Multi-omics data integration: method and ground-breaking neonate study
Lê Cao team and collaborators from University of British Columbia (Vancouver, Canada) have published their first method to integrate multiple omics data from the same set of biospecimens or individuals (e.g. transcriptomics, proteomics). Their method adopts a systems biology holistic approach by statistically integrating data from multiple biological compartments. Such approach provides improved biological insights compared with traditional single omics analyses, as it allows to take into account interactions between omics layers and extract multi-omics molecular networks.
DIABLO is a multivariate dimension reduction method and is hypothesis-free. The method constructs combinations of variables (e.g. cytokines, transcripts, proteins, metabolites) that are maximally correlated across data types to identify a minimal subset of markers – a multi-omics signature. This signature can highlight novel findings but is also the starting point to network modelling.
More information about DIABLO, implemented in the mixOmics R package:
Amrit Singh, Casey P Shannon, Benoît Gautier, Florian Rohart, Michaël Vacher, Scott J Tebbutt and Kim-Anh Lê Cao; DIABLO: an integrative approach for identifying key molecular drivers from multi-omics assays, Bioinformatics.
While the computational researchers where busy developing their method, they also analysed the data from the #SmallBig study (small sample, big data) with the EPIC (Expanded Program on Immunization) Consortium. EPIC comprises researchers from the Boston Children’s Hospital, University of British Columbia, Medical Research Council Unit The Gambia, Université libre de Bruxelles, Telethon Kids Institute and University of Western Australia, the Papua New Guinea Institute for Medical Research, to answer the question: What can less than 1mL of blood tell us about a newborn’s health?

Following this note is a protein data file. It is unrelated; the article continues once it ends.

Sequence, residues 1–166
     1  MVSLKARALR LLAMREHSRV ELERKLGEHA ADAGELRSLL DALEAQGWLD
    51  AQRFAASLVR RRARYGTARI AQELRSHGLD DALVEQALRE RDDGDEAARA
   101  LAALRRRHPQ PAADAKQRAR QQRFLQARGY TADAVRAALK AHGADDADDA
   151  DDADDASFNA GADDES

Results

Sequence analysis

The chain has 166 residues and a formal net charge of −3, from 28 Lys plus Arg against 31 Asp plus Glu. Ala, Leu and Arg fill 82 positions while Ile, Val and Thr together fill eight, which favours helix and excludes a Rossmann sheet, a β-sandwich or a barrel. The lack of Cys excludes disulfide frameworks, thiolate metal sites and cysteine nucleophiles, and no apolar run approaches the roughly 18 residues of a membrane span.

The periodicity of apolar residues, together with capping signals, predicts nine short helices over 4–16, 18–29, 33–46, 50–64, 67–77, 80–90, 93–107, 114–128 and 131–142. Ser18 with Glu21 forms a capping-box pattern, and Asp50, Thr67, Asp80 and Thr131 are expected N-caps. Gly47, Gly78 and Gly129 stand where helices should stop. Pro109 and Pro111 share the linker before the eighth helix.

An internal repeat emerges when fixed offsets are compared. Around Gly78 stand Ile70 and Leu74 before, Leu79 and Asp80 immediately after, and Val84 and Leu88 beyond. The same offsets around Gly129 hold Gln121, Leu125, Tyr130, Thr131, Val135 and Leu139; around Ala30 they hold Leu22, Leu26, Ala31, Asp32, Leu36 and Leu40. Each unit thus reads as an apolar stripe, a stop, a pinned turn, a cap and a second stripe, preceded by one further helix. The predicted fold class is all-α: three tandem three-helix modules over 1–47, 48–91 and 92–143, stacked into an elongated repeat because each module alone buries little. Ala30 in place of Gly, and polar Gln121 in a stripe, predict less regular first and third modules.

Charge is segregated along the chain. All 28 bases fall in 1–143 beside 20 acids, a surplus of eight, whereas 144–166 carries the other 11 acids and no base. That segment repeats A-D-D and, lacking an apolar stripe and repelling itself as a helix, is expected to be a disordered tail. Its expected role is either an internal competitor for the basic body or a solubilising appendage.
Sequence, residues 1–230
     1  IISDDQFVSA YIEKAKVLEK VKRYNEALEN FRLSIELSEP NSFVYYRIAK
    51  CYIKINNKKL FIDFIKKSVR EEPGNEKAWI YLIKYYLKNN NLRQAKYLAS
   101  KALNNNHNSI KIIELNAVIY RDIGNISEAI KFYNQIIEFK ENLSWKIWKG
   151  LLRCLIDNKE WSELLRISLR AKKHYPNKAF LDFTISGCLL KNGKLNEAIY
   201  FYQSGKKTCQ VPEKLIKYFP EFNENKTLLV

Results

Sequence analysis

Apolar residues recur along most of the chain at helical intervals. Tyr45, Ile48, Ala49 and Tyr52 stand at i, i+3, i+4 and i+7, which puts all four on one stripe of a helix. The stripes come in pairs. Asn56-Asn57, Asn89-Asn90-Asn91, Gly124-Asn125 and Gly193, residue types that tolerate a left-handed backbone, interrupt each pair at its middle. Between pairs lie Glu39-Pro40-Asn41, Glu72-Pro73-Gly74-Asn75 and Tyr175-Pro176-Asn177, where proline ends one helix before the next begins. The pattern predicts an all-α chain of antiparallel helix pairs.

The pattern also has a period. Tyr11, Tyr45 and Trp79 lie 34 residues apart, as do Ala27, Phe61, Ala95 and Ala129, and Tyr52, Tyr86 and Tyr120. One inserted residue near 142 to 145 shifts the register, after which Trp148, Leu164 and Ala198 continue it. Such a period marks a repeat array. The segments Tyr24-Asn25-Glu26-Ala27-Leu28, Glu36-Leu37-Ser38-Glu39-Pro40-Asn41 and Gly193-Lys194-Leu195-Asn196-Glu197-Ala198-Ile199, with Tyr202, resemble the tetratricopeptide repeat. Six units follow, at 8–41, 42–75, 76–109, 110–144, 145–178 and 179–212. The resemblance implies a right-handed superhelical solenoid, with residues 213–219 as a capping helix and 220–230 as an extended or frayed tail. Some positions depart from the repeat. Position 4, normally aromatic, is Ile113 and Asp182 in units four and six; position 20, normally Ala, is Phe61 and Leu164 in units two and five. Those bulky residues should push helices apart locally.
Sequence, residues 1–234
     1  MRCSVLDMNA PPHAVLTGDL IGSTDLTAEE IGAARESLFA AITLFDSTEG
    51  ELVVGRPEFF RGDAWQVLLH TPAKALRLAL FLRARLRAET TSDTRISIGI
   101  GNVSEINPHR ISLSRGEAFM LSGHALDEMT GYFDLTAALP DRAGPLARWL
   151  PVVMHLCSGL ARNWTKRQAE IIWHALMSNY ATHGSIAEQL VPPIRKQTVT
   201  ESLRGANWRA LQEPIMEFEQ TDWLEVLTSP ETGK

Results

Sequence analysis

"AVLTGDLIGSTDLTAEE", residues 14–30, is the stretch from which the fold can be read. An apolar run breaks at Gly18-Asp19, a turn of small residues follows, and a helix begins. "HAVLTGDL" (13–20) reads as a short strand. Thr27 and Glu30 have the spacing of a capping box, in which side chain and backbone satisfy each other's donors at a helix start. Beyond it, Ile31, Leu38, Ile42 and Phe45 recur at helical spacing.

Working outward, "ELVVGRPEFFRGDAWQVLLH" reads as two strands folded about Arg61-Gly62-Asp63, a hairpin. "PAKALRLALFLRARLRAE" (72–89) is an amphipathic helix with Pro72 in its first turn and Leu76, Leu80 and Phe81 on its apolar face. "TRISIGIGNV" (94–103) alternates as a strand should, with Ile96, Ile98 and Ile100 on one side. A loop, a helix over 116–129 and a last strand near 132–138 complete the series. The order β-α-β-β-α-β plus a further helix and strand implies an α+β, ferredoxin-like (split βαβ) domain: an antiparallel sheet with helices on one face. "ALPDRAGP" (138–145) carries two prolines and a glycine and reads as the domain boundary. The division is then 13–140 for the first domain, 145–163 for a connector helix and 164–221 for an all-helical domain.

In this study recently published in Nature Communications, the team has developed a technique to collect extremely small volumes of blood samples (< 1mL) to comprehensively characterise how biological molecules evolve in newborns. Using cutting-edge computational and statistical methods including DIABLO, they show that to the contrary to biology in adults that has a relatively steady-state, the first week of human life is highly dynamic and undergoes dramatic changes. Their results were consistently observed in vastly different areas of the world, West Africa (The Gambia) and Australasian (Papua New Guinea) and suggest a purposeful rather than random developmental path.
More information about the SmallBig study:
Amy H. Lee, Casey P. Shannon, […]Tobias R. Kollmann; Dynamic molecular changes during the first week of human life follow a robust developmental trajectory Nature Communications volume 10, Article number: 1092 (2019)